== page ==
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Re: This is awesome, I'm sailing.

I was on my way to round whidbey and see some of the middle sound. Poulsbo, seattle. Now I'm thinking maybe go back to the San Juan's since I had to backtrack and see it again before it gets crowded. I had James island, the entire island all to myself a couple says ago.

I didn't like the gulf islands. So when I go back to Canada it will be Vancouver and up the Sunshine Coast.
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  #15  
Old 05-21-2013
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Re: This is awesome, I'm sailing.

Another option for rocky conditions like that is to use a stern anchor to turn you bow or stern into the waves. Of course this depends allot on the situation, how much room you have, how deep it is, how big your boat is, where other boats are, who might swing into you if your not swinging because of the stern anchor, or who might not realize it's there and anchor on top of it, etc etc.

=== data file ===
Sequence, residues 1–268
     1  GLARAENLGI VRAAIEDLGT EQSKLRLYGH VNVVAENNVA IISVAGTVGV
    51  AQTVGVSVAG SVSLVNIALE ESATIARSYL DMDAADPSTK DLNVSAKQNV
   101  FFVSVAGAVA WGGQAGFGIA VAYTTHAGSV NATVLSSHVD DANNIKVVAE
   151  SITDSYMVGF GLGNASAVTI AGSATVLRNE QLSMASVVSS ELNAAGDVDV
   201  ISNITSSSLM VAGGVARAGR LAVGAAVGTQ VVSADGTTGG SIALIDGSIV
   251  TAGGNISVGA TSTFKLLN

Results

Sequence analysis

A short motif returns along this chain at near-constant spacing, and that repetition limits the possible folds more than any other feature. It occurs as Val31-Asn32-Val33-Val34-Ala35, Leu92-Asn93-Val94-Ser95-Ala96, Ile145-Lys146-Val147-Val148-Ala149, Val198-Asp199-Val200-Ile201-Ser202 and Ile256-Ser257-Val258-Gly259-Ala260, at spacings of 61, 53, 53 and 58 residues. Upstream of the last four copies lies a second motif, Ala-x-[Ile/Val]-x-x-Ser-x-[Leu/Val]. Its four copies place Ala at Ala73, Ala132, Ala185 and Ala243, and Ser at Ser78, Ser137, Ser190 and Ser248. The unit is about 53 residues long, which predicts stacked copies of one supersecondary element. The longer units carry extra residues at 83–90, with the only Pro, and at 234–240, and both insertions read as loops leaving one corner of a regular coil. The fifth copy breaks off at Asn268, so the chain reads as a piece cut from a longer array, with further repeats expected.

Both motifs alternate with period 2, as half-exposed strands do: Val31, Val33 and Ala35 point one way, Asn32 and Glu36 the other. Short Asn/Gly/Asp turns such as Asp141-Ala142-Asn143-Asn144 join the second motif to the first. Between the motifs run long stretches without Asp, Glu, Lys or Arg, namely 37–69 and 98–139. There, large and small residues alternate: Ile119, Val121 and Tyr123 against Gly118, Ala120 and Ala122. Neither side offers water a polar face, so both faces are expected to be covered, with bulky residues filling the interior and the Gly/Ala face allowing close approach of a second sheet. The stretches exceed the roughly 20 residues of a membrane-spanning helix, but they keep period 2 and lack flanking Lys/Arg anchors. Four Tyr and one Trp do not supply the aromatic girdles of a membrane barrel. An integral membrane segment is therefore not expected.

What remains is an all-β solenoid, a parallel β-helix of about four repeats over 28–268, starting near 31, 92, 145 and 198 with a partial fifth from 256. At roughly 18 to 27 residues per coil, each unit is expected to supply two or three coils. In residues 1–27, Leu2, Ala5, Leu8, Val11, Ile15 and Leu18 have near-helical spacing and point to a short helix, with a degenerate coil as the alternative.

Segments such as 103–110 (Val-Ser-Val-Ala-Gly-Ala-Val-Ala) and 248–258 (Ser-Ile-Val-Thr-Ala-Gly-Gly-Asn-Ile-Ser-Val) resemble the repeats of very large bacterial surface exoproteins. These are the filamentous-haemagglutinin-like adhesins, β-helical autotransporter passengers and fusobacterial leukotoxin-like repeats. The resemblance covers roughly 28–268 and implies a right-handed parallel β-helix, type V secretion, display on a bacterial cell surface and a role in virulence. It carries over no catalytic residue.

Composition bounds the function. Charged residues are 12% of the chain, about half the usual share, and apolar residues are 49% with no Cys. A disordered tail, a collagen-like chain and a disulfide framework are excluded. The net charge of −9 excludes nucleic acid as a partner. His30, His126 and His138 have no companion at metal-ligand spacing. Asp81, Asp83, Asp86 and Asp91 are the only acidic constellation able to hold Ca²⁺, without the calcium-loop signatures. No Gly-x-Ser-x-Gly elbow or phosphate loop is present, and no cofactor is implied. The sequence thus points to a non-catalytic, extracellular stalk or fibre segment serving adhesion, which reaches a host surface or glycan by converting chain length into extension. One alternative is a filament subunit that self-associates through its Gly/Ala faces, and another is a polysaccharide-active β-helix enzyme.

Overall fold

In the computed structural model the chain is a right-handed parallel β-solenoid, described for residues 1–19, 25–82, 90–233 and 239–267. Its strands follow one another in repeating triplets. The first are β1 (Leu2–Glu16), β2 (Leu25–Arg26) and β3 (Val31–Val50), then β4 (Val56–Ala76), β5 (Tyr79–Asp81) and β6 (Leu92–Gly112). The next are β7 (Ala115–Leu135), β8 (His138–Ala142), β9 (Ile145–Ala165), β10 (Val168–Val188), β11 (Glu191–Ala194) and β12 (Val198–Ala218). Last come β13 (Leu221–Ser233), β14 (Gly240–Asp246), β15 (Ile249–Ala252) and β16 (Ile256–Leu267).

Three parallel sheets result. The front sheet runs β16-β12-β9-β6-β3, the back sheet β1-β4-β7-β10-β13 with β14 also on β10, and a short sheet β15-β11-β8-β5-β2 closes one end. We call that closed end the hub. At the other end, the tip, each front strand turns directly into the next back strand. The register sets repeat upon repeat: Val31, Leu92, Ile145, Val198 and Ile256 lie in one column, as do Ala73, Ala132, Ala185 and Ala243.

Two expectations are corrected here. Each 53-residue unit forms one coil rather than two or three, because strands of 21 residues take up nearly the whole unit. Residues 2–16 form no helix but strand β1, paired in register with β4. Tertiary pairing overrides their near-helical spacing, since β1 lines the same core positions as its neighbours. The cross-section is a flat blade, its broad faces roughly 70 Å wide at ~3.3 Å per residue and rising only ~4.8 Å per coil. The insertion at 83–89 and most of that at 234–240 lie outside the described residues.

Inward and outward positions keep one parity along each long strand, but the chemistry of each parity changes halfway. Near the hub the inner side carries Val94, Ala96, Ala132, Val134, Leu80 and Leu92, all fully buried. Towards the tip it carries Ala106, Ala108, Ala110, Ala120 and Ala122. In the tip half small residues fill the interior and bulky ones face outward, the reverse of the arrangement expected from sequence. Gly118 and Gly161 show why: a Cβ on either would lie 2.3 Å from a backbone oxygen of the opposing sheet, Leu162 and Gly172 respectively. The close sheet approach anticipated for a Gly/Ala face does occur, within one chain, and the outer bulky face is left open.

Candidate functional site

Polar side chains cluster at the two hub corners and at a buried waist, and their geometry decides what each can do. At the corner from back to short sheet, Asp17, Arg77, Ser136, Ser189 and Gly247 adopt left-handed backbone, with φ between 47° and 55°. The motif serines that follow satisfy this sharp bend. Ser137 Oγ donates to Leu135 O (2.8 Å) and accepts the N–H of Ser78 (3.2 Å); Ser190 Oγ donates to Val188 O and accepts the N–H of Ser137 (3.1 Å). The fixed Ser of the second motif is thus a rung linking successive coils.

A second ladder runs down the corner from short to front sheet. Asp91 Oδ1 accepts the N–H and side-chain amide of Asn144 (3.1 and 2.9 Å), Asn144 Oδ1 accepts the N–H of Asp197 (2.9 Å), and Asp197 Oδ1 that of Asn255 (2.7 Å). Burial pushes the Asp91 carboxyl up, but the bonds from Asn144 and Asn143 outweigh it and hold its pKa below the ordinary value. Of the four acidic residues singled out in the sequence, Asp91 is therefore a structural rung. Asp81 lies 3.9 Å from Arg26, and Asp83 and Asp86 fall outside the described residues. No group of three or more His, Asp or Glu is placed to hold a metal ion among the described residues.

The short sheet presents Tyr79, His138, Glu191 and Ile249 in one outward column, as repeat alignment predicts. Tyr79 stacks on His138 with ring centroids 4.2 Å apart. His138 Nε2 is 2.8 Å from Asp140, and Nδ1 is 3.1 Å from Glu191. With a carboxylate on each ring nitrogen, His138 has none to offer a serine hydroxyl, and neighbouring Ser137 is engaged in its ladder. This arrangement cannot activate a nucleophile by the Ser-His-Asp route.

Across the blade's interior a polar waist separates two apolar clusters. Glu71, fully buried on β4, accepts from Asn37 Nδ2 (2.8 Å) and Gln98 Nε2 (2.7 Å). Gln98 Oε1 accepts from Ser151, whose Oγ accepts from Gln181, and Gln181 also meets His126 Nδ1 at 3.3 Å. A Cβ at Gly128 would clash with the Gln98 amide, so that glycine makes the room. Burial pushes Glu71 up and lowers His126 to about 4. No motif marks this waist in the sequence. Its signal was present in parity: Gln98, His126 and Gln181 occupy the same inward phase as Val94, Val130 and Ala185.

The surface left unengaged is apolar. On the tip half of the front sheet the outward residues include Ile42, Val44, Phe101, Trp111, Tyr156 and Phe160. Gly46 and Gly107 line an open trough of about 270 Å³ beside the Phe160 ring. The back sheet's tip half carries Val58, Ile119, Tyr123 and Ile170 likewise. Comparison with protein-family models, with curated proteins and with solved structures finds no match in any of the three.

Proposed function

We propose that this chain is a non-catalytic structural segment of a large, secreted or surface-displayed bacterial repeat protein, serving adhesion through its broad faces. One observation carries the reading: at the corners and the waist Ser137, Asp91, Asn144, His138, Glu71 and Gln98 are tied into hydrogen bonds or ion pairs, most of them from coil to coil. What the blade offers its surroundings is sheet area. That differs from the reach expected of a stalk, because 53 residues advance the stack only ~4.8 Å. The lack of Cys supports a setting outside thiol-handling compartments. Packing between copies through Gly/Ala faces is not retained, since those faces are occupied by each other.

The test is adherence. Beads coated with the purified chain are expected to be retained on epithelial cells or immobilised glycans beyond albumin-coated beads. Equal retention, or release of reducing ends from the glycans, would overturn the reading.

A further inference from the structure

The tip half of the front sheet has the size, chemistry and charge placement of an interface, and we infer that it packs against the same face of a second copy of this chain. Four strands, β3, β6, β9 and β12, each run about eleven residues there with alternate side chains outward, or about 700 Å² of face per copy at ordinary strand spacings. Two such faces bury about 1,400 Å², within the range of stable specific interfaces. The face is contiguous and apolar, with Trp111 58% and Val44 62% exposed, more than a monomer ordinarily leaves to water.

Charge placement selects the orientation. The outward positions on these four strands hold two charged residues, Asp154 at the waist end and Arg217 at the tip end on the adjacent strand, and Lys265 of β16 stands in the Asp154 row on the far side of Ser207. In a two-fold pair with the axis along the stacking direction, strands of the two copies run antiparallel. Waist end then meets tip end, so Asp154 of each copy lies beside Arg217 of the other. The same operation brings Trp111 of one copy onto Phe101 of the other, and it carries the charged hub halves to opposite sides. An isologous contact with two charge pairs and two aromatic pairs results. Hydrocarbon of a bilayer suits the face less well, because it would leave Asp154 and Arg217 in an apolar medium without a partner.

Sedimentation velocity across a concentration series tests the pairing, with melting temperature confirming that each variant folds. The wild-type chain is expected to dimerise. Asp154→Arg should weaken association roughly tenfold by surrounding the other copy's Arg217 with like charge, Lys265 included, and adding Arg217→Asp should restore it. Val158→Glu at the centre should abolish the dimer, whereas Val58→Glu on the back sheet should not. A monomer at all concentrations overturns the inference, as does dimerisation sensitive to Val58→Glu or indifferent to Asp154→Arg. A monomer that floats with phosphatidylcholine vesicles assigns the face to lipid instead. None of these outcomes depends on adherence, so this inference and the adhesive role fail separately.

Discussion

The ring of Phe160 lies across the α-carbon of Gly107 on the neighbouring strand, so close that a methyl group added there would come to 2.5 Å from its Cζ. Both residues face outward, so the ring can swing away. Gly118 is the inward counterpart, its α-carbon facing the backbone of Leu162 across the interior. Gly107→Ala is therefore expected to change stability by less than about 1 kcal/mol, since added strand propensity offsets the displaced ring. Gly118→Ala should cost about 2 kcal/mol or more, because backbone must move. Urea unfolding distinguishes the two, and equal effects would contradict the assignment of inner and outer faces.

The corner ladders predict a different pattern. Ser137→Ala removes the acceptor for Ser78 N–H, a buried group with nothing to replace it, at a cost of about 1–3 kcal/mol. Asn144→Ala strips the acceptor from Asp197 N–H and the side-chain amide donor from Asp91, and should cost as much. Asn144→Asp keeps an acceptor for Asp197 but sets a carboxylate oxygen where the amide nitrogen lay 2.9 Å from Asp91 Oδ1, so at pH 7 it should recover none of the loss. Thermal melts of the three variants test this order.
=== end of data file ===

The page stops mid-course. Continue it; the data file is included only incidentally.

Just use the dingy to put the anchor out where you need it, and run the line over the stern to a winch to pull it in. You likely won't get the boat in a direct line from the mooring to the anchor, so set it off to the windward side a bit. To retrieve it, just release from the mooring and pull your boat back until you can pull it up.

I've done this before and it really quieted the boat down right away. Changed a miserable rolly night into a pleasant one with about 20 minutes of work. Sooooo worth it if you can.

Bowman Bay is right off the straight, and pointed right at it, so although I've never been there, is looks like waves from way up the straight could go right in there. It could be windy quite a ways away and still generate waves in that bay. Even if they are barely visible out in the straight, as they come up on land and the water shallows, they'll be much more evident.